Some of these devices are wireless such as the Kindle and the Nook, and can download content directly into the device. These e-readers are tied to a particular store or website for wireless purchases. Others require a computer to download books from the Internet and use a USB cable to load content onto the e-book reader.
Each brand of e-reader also has its own proprietary format for encoding the books. This means that books encoded for one reader are not be able to be read on another brand of reader. Some readers can read Adobe PDF files and there is some movement towards the standardizing formats. The EPUB format seems to be evolving as a standard, although it is not yet implemented across the board for e-readers.
Content for the devices varies from reader to reader. Beside books and short stories, there are also blogs, magazines and newspapers available for subscription and purchase on e-readers.
So what are the benefits of an e-reader? Probably the number one reason that people say they buy an e-reader is for the convenience. One e-reader can hold a large number of books, which makes it great for traveling. No huge stack of books to lug around. No leaving a book at the hotel or the airport terminal. Some of these devices can hold up to 1500 books.
The ability to be able to purchase books wirelessly from almost anywhere is a great feature, especially if you travel at lot. A new book can be purchased and downloaded in a matter of minutes. I have downloaded books while sitting in the doctors office or at the airport terminal.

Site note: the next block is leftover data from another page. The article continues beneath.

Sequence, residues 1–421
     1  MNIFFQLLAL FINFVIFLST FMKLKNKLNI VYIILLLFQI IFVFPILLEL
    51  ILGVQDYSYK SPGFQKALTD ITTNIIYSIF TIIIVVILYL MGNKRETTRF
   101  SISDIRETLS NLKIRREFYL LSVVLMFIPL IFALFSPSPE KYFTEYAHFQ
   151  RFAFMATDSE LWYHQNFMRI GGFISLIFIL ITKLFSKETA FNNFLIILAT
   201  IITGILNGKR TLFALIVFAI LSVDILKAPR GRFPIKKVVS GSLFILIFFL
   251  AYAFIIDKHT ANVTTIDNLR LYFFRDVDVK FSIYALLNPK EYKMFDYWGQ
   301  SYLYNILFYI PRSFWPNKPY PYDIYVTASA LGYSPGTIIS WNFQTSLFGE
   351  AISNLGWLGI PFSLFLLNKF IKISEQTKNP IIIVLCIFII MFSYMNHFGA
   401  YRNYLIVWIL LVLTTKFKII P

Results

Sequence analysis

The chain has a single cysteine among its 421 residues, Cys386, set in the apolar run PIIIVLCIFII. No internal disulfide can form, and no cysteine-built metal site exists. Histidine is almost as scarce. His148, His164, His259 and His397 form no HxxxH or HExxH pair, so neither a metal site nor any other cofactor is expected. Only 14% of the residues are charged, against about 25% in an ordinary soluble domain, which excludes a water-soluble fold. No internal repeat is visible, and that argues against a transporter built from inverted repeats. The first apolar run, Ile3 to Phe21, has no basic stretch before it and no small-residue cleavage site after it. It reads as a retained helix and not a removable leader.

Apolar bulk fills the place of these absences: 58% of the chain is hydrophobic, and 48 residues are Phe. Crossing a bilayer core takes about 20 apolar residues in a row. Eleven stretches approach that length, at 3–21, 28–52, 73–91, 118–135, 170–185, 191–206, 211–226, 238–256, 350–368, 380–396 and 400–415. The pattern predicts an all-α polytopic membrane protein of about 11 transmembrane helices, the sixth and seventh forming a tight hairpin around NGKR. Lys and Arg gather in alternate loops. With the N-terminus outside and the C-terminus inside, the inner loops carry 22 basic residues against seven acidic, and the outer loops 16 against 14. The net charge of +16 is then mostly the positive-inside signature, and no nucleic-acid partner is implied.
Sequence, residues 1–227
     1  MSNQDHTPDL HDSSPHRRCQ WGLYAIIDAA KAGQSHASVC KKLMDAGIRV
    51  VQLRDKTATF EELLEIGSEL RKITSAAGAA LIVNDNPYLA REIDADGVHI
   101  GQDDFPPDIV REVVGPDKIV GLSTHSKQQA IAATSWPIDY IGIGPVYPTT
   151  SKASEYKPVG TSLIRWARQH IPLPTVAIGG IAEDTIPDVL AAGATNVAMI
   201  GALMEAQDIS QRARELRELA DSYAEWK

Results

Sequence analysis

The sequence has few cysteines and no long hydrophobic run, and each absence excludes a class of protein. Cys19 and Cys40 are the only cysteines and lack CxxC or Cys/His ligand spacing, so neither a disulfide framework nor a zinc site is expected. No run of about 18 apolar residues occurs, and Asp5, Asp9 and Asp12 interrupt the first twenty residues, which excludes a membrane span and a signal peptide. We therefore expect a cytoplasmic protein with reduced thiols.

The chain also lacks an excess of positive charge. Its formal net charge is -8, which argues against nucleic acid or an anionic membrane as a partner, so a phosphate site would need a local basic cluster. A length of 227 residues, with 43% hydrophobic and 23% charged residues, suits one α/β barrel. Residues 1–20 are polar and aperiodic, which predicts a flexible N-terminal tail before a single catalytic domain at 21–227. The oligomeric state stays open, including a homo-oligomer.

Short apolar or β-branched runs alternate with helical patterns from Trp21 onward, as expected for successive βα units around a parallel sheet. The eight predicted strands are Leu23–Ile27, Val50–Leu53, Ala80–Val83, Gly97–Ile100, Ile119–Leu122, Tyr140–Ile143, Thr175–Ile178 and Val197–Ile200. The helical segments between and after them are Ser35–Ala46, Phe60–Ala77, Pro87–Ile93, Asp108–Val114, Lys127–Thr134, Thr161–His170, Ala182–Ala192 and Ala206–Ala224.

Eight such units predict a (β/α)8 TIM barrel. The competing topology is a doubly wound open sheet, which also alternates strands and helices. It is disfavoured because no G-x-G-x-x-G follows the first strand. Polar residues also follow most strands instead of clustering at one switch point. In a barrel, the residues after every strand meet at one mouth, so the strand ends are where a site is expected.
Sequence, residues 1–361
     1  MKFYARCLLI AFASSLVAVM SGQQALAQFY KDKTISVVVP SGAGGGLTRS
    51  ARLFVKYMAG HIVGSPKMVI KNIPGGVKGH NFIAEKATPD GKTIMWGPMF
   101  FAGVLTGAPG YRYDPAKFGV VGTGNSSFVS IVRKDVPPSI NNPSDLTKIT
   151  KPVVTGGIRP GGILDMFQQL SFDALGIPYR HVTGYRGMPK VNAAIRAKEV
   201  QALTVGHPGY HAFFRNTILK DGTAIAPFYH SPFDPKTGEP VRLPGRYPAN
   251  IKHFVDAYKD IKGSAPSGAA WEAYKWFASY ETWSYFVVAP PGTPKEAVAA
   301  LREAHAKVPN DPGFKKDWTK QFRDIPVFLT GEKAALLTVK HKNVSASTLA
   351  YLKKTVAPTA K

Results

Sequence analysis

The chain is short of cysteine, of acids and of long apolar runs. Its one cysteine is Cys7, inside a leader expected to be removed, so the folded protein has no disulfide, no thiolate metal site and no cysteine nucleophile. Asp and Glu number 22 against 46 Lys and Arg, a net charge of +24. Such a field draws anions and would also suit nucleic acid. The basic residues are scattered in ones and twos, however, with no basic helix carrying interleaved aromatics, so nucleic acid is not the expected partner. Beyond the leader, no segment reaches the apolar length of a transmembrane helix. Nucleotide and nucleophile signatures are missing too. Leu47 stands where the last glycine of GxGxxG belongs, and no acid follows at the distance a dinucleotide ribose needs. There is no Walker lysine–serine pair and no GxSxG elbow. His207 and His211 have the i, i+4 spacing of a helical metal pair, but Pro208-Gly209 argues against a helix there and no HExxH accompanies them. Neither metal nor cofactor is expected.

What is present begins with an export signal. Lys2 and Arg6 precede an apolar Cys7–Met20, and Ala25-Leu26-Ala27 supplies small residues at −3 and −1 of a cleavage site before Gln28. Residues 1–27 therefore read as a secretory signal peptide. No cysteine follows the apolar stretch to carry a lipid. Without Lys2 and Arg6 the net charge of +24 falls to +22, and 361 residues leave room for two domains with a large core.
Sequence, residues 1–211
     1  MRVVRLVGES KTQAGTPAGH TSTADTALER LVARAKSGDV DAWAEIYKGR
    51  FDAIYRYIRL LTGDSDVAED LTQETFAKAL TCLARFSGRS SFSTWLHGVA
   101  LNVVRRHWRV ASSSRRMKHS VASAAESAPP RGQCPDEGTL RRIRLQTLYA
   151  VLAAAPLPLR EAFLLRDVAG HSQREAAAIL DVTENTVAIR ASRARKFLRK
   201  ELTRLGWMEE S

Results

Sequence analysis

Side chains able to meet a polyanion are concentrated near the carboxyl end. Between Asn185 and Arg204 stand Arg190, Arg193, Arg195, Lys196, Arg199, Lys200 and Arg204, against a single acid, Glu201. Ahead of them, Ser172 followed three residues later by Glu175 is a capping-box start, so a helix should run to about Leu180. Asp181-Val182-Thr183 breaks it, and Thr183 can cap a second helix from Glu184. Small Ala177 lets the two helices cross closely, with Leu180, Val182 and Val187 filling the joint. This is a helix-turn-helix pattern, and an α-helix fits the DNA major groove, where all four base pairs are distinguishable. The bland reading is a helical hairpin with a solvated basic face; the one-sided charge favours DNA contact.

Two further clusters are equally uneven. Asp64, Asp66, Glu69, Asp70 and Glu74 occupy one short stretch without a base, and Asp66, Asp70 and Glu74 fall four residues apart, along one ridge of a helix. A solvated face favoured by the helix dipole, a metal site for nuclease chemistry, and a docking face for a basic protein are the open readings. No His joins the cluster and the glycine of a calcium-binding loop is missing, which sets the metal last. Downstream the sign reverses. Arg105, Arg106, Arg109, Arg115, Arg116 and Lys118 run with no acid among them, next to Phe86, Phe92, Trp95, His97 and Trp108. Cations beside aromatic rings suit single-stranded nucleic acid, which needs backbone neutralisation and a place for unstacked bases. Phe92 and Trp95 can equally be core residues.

The ability to change font sizes is a great bonus for those with vision problems. The Kindle also has a text-to-speech features which allows the device to actually read a book aloud to you. This feature does not work for all books and must be enabled by publishers in order to function.
Some of these devices also have limited capabilities for other functions. The Kindle, for example, also contains a rudimentary web browser and can play MP3 files.
Here’s a great video showing how the software for the Kindle works:
The number of e-book readers is really exploding right now, with new readers entering the market at a astonishing pace. Prices for the devices, however, still tend to be somewhat high.
Anyone have questions about owning an e-reader?
In Part 2: A look at content, formats and accessories
This spinach and tomato orzo dish from Angie of the Southern Grace Gourmet blog has turned into one of the staple dishes that I make at least once or twice a month. It has a rich creamy taste that is absolutely scrumptious! I add cooked shrimp and Parmesan cheese to transform it from a side dish to a main course. Serve it with bread and salad and it is a great meal. You can even substitute whole wheat orzo for the regular pasta and the dish turns out great.